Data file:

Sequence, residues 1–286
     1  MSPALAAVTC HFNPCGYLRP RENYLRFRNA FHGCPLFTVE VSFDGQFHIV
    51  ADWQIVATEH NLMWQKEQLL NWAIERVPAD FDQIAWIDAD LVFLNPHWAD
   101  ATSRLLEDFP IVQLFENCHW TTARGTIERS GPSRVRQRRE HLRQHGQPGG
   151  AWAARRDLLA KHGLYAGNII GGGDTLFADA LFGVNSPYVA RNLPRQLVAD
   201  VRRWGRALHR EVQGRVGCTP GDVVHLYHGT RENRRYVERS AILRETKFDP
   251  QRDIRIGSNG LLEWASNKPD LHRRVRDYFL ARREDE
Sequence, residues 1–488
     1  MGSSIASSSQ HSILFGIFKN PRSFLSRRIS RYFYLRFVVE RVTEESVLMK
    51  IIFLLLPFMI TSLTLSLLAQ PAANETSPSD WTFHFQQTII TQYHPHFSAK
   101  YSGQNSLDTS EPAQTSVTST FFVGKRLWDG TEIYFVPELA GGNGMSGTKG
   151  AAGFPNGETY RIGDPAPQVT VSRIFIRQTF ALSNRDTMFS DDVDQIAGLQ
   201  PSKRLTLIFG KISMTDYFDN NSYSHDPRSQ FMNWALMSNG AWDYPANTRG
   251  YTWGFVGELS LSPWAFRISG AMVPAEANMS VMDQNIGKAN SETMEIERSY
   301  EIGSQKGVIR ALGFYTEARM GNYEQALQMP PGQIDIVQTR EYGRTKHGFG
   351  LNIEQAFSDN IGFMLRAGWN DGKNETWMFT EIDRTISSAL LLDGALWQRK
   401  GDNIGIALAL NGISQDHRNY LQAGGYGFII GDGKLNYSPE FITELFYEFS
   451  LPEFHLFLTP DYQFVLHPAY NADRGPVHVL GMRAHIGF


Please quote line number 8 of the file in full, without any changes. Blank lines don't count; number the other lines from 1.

Sequence, residues 1–488